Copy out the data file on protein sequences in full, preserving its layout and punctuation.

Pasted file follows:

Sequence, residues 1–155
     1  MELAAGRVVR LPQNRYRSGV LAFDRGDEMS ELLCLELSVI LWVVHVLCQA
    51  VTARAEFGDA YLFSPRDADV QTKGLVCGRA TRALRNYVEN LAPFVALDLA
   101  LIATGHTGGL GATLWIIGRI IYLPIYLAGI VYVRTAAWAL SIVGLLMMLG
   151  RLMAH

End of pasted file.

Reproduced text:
Sequence, residues 1–155
     1  MELAAGRVVR LPQNRYRSGV LAFDRGDEMS ELLCLELSVI LWVVHVLCQA
    51  VTARAEFGDA YLFSPRDADV QTKGLVCGRA TRALRNYVEN LAPFVALDLA
   101  LIATGHTGGL GATLWIIGRI IYLPIYLAGI VYVRTAAWAL SIVGLLMMLG
   151  RLMAH